Post-Election Protests

_68992582_68992581This last week has been a controversial and unstable one for Phnom Penh. A three day demonstration organised by the CNRP plus increased police and military presence in the capital city culminated in one man dying, many injured and emergency discussions between the opposition leader (Sam Rainsey), the prime minister (Hun Sen) and the King to come to a peaceful agreement.

This blog post  summarises really well what went on easier than I could so check it out for more info on what went down and was reported via social media, noting that mainstream media is controlled by the government so there was a distinct lack of information circulated using that method.

Fortunately (or unfortunately) I was in Vietnam on a work junket at the time of the protests, but Mick was still here in Phnom Penh. Below is a pic stolen from twitter which was taken at one end of our street. Apparently the market across the road was quieter than normal, but otherwise there wasn’t much in the way of drama.

Not Allowed!

Not Allowed!

Around the corner from our house was a different story. We live quite close to the Independence Monument which was in lockdown mode, probably due to it being the site of (one of) Hun Sen’s houses. The pic below shows what was going on there at the time.  Apparently a few hundred military police were trucked into the area and marched onto the Royal Palace which was where the first of the clashes was.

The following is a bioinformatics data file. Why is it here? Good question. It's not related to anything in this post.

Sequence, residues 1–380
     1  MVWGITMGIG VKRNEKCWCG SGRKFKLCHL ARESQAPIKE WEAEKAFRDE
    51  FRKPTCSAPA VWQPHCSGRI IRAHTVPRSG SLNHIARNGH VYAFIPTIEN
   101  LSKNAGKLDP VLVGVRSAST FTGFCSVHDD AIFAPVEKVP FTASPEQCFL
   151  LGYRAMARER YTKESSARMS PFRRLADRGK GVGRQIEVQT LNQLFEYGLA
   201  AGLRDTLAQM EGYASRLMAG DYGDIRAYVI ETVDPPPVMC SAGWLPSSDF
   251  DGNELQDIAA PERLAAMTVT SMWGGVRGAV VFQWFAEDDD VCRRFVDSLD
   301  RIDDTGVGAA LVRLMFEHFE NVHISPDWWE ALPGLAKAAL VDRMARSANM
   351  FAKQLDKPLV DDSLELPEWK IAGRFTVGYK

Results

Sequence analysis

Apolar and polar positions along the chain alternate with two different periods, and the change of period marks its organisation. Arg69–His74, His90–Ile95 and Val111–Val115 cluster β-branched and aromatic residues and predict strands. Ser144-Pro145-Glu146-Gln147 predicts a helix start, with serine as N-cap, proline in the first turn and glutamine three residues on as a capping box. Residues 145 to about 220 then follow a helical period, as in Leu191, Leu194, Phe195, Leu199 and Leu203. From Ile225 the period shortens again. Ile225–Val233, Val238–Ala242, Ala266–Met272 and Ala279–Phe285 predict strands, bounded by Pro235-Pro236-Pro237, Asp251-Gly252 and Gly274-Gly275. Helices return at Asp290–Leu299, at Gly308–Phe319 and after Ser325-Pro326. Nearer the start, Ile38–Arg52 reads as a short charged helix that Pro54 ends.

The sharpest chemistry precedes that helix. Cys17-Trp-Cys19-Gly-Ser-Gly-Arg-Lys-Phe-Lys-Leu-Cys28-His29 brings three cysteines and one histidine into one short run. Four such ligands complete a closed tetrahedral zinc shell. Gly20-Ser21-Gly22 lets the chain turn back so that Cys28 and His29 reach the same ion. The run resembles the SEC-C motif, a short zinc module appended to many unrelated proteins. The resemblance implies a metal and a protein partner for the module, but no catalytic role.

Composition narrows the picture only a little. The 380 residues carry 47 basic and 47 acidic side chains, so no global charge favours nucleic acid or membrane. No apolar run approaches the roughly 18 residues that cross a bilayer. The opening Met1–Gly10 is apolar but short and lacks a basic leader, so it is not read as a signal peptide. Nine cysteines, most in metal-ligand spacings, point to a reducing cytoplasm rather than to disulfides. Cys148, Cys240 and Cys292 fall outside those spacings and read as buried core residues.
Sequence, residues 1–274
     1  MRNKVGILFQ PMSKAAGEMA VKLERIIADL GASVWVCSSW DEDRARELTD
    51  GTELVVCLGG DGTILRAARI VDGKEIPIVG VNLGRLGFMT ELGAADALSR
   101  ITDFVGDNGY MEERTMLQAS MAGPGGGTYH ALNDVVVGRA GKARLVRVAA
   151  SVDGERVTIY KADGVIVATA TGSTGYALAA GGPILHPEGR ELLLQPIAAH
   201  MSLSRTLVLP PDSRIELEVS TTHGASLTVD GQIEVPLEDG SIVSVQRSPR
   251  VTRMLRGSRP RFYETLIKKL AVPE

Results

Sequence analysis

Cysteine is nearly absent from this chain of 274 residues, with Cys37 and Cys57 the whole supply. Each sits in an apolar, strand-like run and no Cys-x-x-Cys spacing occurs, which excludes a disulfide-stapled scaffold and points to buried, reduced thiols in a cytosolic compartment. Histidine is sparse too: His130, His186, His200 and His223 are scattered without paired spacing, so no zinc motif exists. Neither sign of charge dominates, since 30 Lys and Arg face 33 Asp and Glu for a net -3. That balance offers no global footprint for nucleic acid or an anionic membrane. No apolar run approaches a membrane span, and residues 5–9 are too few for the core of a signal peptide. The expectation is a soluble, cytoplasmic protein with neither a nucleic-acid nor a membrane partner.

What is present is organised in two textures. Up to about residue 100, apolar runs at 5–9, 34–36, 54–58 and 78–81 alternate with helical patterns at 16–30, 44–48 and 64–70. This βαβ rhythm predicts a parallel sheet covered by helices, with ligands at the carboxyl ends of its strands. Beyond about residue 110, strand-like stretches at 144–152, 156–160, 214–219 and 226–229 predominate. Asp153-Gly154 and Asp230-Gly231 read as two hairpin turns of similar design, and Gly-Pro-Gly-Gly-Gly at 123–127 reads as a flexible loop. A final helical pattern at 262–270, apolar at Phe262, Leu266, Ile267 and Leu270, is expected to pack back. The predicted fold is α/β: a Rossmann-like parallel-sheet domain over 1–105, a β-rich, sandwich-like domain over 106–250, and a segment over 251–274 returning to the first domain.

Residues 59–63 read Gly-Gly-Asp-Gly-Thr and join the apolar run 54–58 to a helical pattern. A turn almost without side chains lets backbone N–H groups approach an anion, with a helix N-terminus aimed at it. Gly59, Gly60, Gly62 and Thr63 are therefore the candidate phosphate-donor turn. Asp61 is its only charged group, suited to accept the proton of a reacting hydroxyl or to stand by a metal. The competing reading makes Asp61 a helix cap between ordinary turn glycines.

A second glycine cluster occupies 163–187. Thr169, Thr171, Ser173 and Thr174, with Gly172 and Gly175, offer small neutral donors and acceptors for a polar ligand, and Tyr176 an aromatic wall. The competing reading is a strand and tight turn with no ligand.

Military Police on Sotheros Blvd

Military Police on Sotheros Blvd

The following day after the clashes, things cooled down with discussions between the opposition and ruling party going on for over 5 hours. The parties agreed to have non-violent protests and to not use intimidation tactics over the opposition. The razor-wire barriers were taken away, the military police were taken home and the protesters left the official site of their demonstration. But the tension is still around. And there are still military police around the city, standing on street corners and watching people go by. There is also razor wire barriers in some areas still, like the end of our street so one does have to wonder if things could break down again.

A-Frame razor wire at the end of our street

A-Frame razor wire at the end of our street

The parliament is due to sit for the first time on Monday and the opposition party has vowed to not participate in this sitting. They continue to call for an independent investigation into the election issues and the ruling party continue to reject these calls. I guess all that remains to do is to cross fingers and toes there is no more violence but also pray for a fair and honest government into the future.

We are being continually updated and informed about the situation through twitter mostly (mainstream media sucks here) and through our in country support teams. We obviously are avoiding the areas that things have been tense and are keeping low to the ground, not that there is any immediate risk to us. At least we have cold beer and kittens to keep us company!

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